How well Is your cloud optimized for cost?
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Here are five ways to ensure your cloud is properly cost optimized
There are many reasons to migrate your IT to the AWS cloud. From any time, anywhere availability with any device, to the elimination of all hardware and software and their attendant hassles to high availability to business resilience to security, but above all cost savings. The ability to exchange the high cost of purchasing and upgrading hardware and software (Capex) for the controlled variability of operating costs (Opex), is a significant inducement. Nevertheless, many organizations find that despite all the much-touted cost savings, their AWS billing remains stubbornly high, and in some instances, even higher than their original on-premises costs. If you’re one of these, this article from our AWS MSP team is for you.
Pick the Correct Instance
You wouldn’t use a cannon to shoot a fly; By the same logic, using the wrong instance means you’re simply perpetuating the conditions of your legacy environment. Instances provide computing muscle and are the basic building block of your architecture in the cloud. AWS provides 10 different types of instances and offers a variety of combinations of CPU, storage memory, and networking ability to choose from. Each instance comes in multiple size options to fit different sizes of workloads. Depending on your application requirements, for example, high-traffic web applications, SAP applications, and even genome analysis platforms, you need to conduct rigorous testing to select the best-fit instance type for your particular application.
These instances are regularly upgraded by AWS, to improve performance, so shifting to these or downsizing your instance (depending on your workloads) can cut your costs down drastically.
Pick the Right Storage Tier for Your Needs
Amazon offers a simple storage service called S3. The beauty of S3 is that you can store anything from receipts, excel files to images, videos, etc. The data that can be stored in S3 has no limit, i.e. it scales as needed. Your data files are stored as objects in something called a bucket, as opposed to a file directory. Each object comprises data, metadata, and a key, and the object size that you can store can be anywhere up to five terabytes. But, as we said, the number of objects and volume of data is unlimited, as S3 scales on demand.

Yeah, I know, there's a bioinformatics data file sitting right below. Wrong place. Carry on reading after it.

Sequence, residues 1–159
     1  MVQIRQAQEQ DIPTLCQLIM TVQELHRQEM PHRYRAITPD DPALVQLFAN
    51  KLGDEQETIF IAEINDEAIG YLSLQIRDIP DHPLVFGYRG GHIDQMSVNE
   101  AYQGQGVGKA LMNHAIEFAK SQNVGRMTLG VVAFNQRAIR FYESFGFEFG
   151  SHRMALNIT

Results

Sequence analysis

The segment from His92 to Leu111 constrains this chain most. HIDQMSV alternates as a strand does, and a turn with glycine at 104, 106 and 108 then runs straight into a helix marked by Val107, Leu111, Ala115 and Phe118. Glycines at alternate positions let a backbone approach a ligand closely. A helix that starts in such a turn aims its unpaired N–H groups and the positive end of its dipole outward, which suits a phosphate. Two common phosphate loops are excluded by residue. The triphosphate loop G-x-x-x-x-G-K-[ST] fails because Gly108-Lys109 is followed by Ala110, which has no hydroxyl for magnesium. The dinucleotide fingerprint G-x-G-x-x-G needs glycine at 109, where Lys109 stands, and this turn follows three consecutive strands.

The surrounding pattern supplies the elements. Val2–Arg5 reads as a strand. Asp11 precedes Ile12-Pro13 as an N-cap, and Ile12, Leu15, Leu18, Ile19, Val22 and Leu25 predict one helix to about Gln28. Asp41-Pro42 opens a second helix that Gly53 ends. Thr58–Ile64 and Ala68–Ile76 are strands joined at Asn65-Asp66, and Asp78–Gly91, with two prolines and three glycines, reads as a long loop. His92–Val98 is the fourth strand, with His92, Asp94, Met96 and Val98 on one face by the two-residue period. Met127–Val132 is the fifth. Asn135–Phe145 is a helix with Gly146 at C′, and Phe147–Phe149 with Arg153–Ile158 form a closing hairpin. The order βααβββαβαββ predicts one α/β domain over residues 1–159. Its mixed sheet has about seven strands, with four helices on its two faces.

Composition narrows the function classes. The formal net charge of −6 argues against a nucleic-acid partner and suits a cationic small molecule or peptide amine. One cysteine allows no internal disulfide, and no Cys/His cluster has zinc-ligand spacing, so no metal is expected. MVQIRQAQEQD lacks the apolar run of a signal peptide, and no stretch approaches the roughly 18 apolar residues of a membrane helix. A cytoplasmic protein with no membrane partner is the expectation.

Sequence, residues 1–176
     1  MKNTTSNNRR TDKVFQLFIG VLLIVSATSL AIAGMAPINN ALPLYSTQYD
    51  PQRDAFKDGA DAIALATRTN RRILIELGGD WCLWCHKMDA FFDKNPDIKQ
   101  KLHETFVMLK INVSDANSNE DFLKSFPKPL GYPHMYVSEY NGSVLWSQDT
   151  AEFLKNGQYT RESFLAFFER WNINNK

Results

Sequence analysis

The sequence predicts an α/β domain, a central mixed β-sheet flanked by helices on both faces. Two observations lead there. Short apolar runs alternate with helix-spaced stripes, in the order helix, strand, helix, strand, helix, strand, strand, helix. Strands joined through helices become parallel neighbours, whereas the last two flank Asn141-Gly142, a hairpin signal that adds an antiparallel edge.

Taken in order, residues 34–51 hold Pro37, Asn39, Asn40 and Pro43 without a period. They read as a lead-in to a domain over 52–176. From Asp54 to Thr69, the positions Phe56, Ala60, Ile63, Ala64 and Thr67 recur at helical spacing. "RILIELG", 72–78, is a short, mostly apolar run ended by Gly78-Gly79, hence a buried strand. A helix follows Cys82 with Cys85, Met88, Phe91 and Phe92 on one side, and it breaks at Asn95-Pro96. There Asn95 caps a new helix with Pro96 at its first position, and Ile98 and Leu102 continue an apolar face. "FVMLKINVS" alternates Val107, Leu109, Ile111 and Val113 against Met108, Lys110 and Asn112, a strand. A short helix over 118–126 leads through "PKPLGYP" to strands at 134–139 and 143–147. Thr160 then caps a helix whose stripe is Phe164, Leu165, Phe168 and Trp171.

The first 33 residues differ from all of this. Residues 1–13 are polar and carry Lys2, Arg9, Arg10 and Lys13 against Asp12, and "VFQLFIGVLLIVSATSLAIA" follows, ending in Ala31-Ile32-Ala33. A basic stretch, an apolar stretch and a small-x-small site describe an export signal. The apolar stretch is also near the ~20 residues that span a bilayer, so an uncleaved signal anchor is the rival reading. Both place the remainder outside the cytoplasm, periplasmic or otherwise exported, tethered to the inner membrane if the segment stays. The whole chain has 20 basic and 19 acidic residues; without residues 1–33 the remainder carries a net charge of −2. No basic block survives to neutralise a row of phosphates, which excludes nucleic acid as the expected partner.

There are three tiers of storage classes in S3—Standard, Infrequent Access (S3-IA), and S3 Glacier—and your use cases should determine which one is best for you. There are also lifecycle policies, which you can create to move data between tiers, and costs change accordingly. For instance, you might need to store an object in S3 Standard for 60 days and then move it to S3-IA for the next 60 days, before finally moving it to S3 Glacier. You can create policies for this to happen automatically. In addition to these three basic storage tiers, AWS also offers classes like S33 intelligent tiering, S3 Infrequent Access 1 Zone and S3 Glacier Deep Archive, and S3 Outposts, which is used to deliver object storage to your on-prem AWS environment. Since you only pay for the S3 that you use, it is important to choose the storage class that fits your business and budget.
To do this consider the following two factors:
1. How frequently will you be retrieving your data?
2. How available should your data be?
Track and Kill all Zombies